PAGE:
An ongoing investigation into alleged financial misconduct involving a Vatican real estate scandal appears to be behind the sudden resignation of a cardinal.
A one-line statement issued on 25 September said that Pope Francis had accepted the resignation of Cardinal Giovanni Angelo Becciu, head of the department that is responsible for deciding who will be given a sainthood of the Roman Catholic Church.
Until 2018, Cardinal Becciu was Deputy Secretary of State at the Vatican and it was during his tenure that the Secretariat of State used Vatican money to buy a luxury property in Chelsea, London in a deal said to have “enriched middlemen”.
The investigation, which is being carried out by the Vatican itself, first came to light after a raid on the offices of the Vatican’s banking regulator in October 2019.
It led to the resignation of the Vatican’s chief of security, the removal of several Vatican finance officials, and the arrest in June 2020 of an Italian banker, who acted as an intermediary for the Holy See in the real estate transaction.
Forensic investigators have been following the financial trail relating to a number of real estate transactions, particularly to expensive properties in London.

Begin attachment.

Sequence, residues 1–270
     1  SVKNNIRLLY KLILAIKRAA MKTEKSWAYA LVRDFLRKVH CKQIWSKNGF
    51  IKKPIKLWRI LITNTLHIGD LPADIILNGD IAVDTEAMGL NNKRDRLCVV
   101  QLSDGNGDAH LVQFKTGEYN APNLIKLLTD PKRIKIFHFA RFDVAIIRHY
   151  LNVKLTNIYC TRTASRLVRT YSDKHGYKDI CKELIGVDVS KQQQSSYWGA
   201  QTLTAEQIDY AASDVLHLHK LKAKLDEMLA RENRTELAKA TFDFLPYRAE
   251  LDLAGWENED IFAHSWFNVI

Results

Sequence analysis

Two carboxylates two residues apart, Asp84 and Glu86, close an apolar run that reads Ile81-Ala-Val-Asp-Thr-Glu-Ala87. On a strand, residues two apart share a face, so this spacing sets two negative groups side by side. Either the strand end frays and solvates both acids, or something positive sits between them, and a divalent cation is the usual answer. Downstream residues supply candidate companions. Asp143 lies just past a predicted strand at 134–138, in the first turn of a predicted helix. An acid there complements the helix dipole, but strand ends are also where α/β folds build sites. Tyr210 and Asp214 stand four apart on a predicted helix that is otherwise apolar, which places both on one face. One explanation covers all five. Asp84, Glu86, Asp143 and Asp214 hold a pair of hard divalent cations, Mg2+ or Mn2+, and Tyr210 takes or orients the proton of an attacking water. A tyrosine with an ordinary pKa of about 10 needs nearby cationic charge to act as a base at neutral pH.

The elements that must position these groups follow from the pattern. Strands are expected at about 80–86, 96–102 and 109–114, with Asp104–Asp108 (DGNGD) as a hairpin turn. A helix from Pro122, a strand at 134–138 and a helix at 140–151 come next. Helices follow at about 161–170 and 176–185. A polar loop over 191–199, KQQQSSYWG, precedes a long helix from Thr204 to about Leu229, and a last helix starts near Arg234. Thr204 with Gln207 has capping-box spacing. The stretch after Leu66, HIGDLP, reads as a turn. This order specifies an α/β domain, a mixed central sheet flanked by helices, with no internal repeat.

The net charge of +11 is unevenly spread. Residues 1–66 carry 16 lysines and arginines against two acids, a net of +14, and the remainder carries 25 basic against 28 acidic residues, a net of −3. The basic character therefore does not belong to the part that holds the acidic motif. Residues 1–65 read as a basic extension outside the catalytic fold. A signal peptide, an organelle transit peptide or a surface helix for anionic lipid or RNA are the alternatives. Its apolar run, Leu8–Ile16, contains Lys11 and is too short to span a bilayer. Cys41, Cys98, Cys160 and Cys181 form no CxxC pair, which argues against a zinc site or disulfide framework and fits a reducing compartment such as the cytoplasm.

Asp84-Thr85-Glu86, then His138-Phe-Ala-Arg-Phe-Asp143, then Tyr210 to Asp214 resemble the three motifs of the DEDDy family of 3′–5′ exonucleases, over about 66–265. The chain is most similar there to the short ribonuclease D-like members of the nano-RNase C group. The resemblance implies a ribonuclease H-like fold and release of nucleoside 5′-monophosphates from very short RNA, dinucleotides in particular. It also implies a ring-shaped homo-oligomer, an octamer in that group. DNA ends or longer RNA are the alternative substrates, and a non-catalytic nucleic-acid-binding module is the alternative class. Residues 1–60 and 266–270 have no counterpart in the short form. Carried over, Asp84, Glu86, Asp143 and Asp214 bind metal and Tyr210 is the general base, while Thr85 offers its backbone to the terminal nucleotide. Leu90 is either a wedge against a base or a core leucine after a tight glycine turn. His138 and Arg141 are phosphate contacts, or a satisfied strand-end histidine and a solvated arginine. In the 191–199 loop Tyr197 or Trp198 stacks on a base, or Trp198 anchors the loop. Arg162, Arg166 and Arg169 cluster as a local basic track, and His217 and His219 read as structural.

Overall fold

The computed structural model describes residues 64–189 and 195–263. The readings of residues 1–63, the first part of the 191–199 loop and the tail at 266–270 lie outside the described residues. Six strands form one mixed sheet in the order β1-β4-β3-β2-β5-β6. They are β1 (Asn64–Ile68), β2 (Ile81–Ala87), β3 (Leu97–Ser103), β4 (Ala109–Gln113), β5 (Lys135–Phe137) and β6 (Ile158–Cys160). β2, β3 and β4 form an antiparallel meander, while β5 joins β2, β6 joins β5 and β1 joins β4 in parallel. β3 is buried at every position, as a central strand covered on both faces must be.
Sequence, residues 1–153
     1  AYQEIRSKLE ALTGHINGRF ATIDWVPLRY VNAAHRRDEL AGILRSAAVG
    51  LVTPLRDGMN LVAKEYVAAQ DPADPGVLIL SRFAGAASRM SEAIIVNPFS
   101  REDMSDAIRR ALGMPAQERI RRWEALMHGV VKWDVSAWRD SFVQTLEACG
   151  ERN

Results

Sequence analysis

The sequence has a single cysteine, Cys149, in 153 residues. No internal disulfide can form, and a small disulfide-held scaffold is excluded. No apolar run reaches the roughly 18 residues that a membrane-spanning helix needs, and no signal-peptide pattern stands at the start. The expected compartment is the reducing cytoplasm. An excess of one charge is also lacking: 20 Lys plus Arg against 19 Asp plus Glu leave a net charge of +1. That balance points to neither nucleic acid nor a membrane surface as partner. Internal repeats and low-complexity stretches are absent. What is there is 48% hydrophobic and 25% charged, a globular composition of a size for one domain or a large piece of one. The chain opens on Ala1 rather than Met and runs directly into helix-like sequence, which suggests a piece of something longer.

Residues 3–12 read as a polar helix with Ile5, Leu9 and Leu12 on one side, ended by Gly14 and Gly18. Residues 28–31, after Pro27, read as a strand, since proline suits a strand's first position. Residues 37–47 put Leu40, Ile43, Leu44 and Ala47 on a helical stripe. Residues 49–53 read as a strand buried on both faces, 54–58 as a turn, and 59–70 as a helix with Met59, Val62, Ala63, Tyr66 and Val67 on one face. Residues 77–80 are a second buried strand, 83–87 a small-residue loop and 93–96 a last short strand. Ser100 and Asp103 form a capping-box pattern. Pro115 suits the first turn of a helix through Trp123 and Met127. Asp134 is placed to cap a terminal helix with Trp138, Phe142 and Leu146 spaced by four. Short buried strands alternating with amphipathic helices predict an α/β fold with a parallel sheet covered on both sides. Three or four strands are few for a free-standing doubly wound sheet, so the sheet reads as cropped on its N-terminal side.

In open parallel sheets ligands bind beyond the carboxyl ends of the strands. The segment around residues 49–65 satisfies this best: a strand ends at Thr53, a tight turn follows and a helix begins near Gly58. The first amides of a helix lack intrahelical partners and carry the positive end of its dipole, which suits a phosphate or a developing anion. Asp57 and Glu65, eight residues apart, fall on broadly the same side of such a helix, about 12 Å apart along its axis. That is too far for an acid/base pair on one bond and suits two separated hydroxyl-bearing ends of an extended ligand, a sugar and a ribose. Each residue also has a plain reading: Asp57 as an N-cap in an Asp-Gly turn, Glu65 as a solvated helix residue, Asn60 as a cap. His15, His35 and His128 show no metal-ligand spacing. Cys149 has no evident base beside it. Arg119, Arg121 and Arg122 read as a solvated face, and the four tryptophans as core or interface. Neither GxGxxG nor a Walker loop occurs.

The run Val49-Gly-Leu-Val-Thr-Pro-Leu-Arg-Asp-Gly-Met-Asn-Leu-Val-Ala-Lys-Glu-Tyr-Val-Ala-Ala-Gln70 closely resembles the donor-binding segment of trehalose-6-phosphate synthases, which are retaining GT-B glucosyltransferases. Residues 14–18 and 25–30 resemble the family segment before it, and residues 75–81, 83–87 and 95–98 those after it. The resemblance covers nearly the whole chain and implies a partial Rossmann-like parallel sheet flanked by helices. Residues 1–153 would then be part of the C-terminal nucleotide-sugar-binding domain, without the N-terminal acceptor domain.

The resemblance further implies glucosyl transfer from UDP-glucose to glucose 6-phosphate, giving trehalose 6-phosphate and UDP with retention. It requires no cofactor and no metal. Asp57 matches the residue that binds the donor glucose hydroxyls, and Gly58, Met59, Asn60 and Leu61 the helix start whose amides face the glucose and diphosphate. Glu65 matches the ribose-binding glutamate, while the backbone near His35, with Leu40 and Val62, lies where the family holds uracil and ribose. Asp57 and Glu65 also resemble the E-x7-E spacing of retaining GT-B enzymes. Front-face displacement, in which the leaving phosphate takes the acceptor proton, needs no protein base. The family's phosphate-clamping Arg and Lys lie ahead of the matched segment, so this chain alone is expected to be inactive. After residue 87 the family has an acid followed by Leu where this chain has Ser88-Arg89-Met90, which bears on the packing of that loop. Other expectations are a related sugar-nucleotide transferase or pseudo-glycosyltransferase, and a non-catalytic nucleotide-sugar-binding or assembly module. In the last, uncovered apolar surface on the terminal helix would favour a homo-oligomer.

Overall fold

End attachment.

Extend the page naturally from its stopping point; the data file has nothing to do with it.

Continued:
They are also investigating the use of money from Peter’s Pence, a fund taken up in parishes around the world and earmarked for the Pope’s charitable activities.
Roger Isaacs, Forensic Partner at Milsted Langdon, said: “The finances of the Holy See have been the subject of rumour and scandal for decades. No doubt the Pope had hoped that by hiring an anti-mafia prosecutor it would be possible for the Vatican to clean up its financial affairs.
Inevitably a clean-up operation can result in the discovery of wrongdoing that then becomes exposed, especially if criminal proceedings are brought against those suspected of having broken the law.
It is for this reason that we often see fraudsters going unpunished, especially in the charitable sector. Organisations that rely on their reputations for their income tend, understandably, to be reticent to disclose that the hard-won fruits of their fundraising efforts may have been misappropriated. The victims of fraud all too often feel that they are somehow to blame for not having prevented it but the reality is that it is impossible to make any financial system 100% secure.
Even if a fraud is reported to the Police, the prosecuting authorities seem to have little appetite to pursue those suspected of financial crimes. It may be for that reason we have started to see an increase in Private Prosecutions for fraud, in which forensic accountancy expert evidence typically plays a pivotal role ”